Abuse is the improper usage or treatment for a bad purpose, often to unfairly or improperly gain benefit. Abuse can come in many forms, such as: physical or verbal maltreatment, injury, sexual assault, violation, rape, unjust practices; wrongful practice or custom; offense; crime, or otherwise verbal aggression. [Wikipedia]
Use of the term "drug abuse" has negative effects on the perceptions of drug users by non-users. The following three paragraphs are taken from a UK-based drug policy commision looking at the effect of language on people's perceptions. Essentially, labeling someone a "substance abuser" elicits stigmatizing and punitive reactions. Admittedly the terms "problem drug user" and "drug misuse" are not much better.
The language that is used to denote problem drug use and problem drug users is important. An interesting study showing how even mental health professionals are influenced by language was undertaken by Kelly and Westerhoff (2010). They provided 728 mental health providers attending conferences with two randomly allocated vignettes, which differed only in terms of the following phrase: ‘Mr Williams is a substance abuser’ or ‘Mr Williams has a substance use disorder’. A number of questions were asked about Mr Williams. Multivariate statistical analysis showed that the group of people given the vignette describing Mr Williams as a substance abuser were significantly more in agreement with the idea that Mr Williams was personally culpable for his condition and that punitive measures should be undertaken.26 While the difference was significant, it was quite small, but the authors conclude that “Referring to an individual as a ‘substance abuser’ may elicit and perpetuate stigmatizing attitudes that appear to relate to punitive judgements and perceptions that individuals are recklessly engaging in wilful misconduct” (p.4). The term ‘substance abuse’ is frequently used in the drug field, although the UK Government generally uses the term ‘misuse’. However, the central US government drug research agency is entitled the National Institute on Drug Abuse.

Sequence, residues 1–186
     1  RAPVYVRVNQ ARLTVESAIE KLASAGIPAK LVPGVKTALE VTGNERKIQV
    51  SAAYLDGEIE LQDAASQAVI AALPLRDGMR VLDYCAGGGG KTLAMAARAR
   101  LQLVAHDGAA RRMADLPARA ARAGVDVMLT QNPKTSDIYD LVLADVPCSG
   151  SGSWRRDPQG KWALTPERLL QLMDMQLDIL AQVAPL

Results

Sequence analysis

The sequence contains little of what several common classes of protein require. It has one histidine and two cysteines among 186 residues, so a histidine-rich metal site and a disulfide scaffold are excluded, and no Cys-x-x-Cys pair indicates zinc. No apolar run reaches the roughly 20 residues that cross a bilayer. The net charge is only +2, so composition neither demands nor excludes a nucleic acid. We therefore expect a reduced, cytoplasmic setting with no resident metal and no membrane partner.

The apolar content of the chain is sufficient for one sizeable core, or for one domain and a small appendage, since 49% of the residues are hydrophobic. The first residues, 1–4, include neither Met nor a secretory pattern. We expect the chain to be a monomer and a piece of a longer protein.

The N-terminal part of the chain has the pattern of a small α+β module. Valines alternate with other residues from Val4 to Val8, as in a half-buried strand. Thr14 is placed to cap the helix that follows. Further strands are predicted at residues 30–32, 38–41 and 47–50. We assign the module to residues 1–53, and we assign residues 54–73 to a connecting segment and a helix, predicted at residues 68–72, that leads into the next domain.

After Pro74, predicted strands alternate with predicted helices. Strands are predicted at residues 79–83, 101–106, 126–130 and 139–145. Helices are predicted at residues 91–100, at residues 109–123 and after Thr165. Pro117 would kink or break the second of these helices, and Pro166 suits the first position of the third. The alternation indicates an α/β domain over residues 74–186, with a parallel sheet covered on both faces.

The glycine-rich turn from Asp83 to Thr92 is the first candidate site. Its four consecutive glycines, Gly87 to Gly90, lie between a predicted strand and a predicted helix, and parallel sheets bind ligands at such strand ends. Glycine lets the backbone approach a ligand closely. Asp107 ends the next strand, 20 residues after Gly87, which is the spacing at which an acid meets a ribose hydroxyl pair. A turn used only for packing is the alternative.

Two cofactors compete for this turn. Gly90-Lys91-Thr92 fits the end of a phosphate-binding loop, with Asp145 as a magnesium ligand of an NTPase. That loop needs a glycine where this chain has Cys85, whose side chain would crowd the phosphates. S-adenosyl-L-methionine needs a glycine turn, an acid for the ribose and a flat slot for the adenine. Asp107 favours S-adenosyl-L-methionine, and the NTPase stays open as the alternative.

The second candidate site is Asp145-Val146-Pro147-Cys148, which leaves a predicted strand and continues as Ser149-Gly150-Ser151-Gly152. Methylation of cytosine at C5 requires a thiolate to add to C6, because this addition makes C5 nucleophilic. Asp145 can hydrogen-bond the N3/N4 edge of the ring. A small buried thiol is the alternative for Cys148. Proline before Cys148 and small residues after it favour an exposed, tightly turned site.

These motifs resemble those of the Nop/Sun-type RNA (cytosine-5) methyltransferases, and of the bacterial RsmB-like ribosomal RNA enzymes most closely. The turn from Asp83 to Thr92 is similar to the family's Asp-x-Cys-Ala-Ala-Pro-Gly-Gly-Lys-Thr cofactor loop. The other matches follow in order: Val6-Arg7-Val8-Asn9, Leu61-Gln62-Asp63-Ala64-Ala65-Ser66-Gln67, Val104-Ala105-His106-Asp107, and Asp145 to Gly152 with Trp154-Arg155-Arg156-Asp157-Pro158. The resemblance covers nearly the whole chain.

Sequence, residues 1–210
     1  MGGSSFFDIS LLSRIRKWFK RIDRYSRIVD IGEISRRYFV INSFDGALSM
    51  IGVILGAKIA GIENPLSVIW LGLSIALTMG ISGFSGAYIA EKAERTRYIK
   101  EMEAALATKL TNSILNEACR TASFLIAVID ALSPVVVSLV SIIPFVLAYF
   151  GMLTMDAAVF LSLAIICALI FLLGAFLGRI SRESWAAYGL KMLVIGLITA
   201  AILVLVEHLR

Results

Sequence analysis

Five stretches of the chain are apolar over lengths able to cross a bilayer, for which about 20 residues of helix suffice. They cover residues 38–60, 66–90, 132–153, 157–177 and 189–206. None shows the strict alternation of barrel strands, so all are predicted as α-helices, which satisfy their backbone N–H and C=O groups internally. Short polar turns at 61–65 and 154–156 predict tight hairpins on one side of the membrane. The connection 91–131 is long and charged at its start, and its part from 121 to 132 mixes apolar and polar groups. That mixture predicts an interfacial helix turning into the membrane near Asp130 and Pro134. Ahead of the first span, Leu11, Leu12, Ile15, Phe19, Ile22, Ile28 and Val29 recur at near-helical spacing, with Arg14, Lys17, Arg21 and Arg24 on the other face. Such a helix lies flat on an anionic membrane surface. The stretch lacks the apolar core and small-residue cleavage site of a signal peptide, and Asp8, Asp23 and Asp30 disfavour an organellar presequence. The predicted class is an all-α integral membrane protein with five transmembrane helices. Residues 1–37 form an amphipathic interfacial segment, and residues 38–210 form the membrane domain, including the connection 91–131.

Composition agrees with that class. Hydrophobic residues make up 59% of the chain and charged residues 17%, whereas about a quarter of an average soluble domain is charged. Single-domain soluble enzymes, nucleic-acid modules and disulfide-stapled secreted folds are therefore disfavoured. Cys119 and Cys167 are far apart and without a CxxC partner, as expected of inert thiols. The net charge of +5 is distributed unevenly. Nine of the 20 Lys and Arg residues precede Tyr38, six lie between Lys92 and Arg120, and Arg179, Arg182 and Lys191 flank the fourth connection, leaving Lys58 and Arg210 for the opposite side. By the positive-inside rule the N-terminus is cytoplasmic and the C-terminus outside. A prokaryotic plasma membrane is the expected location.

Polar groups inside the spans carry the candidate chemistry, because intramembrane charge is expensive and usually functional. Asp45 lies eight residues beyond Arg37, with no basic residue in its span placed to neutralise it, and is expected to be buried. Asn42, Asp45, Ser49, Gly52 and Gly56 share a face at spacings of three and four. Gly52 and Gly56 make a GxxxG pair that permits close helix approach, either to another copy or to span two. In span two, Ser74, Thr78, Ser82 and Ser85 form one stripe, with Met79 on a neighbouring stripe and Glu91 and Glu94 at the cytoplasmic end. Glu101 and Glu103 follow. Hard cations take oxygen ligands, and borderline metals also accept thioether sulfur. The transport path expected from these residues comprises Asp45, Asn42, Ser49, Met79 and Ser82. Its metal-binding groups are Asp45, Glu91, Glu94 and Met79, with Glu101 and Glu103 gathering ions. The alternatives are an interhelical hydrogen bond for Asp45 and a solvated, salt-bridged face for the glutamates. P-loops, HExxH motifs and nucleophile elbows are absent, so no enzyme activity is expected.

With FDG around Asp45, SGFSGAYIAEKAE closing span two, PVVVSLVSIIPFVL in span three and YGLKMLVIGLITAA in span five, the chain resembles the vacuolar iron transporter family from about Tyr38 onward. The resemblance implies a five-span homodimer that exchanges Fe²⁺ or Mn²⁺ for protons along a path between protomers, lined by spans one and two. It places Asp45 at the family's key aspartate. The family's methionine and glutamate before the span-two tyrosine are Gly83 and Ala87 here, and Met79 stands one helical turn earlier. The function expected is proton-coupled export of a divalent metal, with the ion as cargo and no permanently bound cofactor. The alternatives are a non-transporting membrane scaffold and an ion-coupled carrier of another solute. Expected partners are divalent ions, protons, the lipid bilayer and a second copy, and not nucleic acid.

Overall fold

White and Kelly (2010) have weighed in heavily against the use of the words ‘abuse’ and ‘abuser’. As they point out, abuse is a highly inaccurate term: drug users treat their substances with great devotion, they do not abuse them. They trace the term to religious and moral objections to alcohol in the seventeenth century, with its associations with sinful acts and forbidden pleasure, but it also has modern associations with sexual and physical violence. White and Kelly (2010) also point out that the use of the term contributes to the stigma attached to problem drug use and inaccurately implies a sense of volition. They call for the term to be dropped from the 25 Surveys of problem drug users who have been arrested (Boreham et al., 2007) or are in treatment (Jones et al., 2007) show the large majority of self-reported offences to be acquisitive rather than violent. There is a much closer association between heavy drinking and drunkenness and violent offences (e.g. Boreham et al., 2007).26 This was one of three factors coming out of an exploratory factor analysis.55 Diagnostic and Statistical Manual of Mental Disorders (DSM-IV) and from the names of US government organisations where it appears.UK Drug Policy Commision